Since 2002, the Komodo Survival Program teamed alongside Komodo National Park and international biologists has conducted field studi in Komodo National Park. The major aim of this conservation research is to determine the population status and abundance of komodo dragons living inside the Park. To estimate these population measures, an intensive monitoring program using cage traps is conducted annually at 10 sites on four islands. Each dragon captured is microchipped to provide an individual tag that can be used to identify lizards over time. By recapturing tagged individuals over time allows scientists to estimate komodo dragon abundance, rates of survival, and even how often lizards move among islands.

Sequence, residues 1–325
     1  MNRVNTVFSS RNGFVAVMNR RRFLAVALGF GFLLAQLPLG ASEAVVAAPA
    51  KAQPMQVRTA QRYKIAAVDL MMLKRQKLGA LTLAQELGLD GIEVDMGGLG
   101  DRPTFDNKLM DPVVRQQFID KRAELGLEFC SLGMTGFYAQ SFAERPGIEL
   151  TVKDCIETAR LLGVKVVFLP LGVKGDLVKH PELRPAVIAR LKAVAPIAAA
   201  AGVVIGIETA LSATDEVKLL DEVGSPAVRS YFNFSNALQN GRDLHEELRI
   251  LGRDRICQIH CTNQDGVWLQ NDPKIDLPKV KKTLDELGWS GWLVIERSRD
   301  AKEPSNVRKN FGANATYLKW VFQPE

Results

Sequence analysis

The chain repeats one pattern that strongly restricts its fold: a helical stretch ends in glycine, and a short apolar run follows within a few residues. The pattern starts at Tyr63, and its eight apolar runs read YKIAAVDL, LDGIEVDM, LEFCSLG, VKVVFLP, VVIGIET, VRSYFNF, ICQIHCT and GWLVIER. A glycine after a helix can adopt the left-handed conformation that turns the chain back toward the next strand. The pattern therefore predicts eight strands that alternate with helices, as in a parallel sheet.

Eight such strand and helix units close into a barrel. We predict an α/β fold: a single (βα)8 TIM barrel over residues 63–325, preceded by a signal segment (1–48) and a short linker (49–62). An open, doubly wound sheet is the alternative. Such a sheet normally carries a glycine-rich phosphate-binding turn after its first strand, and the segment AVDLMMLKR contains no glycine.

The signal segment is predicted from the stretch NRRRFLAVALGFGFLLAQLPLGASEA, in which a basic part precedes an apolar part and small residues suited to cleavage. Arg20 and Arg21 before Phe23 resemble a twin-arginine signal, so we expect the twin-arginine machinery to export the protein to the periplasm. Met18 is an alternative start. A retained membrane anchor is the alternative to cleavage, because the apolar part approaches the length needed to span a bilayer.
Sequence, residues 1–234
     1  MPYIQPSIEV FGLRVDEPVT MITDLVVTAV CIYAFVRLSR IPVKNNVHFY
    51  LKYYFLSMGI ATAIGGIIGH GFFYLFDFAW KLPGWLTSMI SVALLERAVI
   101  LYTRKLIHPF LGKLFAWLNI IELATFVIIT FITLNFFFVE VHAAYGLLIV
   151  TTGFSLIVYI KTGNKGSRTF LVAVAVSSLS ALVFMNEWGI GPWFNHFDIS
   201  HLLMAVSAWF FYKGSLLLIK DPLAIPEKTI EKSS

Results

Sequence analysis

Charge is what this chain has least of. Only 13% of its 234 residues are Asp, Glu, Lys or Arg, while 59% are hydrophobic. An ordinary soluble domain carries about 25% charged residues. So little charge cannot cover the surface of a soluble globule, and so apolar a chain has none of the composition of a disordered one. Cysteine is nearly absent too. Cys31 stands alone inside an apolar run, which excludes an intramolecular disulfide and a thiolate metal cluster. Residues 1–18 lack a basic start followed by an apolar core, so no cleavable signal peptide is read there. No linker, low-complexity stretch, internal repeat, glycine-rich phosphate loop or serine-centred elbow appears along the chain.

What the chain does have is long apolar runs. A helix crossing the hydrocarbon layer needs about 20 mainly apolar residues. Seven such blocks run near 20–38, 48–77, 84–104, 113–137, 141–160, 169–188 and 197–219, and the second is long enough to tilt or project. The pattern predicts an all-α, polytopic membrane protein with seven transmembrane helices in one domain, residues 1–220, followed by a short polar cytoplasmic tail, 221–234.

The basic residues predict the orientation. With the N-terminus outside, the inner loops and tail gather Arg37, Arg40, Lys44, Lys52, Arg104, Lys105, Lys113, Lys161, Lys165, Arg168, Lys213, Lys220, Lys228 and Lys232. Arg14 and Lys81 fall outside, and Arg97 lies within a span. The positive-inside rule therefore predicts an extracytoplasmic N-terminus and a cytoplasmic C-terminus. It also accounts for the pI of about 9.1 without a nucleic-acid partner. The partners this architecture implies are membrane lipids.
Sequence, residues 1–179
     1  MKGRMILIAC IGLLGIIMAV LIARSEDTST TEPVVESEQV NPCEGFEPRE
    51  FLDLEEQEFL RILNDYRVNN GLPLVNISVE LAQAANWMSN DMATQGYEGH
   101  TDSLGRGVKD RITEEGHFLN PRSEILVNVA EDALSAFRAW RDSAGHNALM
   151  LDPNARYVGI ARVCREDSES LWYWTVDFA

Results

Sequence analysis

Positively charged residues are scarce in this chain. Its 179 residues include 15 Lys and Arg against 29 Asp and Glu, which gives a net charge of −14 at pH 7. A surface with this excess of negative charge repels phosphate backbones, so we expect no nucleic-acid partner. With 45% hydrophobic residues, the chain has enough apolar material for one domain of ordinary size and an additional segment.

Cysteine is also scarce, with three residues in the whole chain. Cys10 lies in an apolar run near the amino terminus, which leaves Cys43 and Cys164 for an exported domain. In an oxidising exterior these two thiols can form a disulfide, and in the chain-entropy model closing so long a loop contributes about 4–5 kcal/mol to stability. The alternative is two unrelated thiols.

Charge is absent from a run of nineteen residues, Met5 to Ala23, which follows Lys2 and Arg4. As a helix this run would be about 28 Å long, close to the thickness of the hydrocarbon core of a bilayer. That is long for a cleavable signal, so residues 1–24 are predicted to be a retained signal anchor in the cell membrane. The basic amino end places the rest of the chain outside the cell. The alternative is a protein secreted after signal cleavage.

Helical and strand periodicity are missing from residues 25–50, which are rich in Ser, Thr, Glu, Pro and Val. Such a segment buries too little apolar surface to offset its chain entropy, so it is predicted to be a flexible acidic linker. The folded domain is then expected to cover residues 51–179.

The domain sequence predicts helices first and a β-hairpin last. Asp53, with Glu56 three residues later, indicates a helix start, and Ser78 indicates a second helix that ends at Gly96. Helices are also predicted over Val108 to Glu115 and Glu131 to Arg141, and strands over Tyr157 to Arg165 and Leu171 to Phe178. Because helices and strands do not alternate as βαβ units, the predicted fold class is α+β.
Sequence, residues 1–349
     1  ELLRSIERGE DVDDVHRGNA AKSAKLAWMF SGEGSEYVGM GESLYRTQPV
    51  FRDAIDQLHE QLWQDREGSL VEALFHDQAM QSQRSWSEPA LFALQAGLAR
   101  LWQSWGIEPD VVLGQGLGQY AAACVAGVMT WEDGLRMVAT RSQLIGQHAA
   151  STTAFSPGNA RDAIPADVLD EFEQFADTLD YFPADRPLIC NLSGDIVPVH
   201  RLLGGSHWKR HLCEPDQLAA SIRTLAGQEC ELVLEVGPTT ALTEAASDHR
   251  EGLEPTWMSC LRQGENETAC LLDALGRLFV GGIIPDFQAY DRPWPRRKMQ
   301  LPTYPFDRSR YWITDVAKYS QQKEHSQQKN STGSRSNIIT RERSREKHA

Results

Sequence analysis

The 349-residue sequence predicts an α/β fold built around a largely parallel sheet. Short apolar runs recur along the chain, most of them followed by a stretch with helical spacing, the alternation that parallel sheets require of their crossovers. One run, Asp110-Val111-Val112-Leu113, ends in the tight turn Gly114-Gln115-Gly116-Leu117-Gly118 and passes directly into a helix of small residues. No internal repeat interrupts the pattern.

In 2012 we collaborate with Komodo National Park and the authority of Wae Wuul Nature Reserve, began using camera traps as a method for monitoring komodo dragon populations. Cameras are placed at several hundred locations throughout these reserves to capture photos of dragons at each location. The photos taken from camera trap allow researchers to estimate the index population of dragons at each location. This method of population monitoring is easier and less expensive than physically capturing.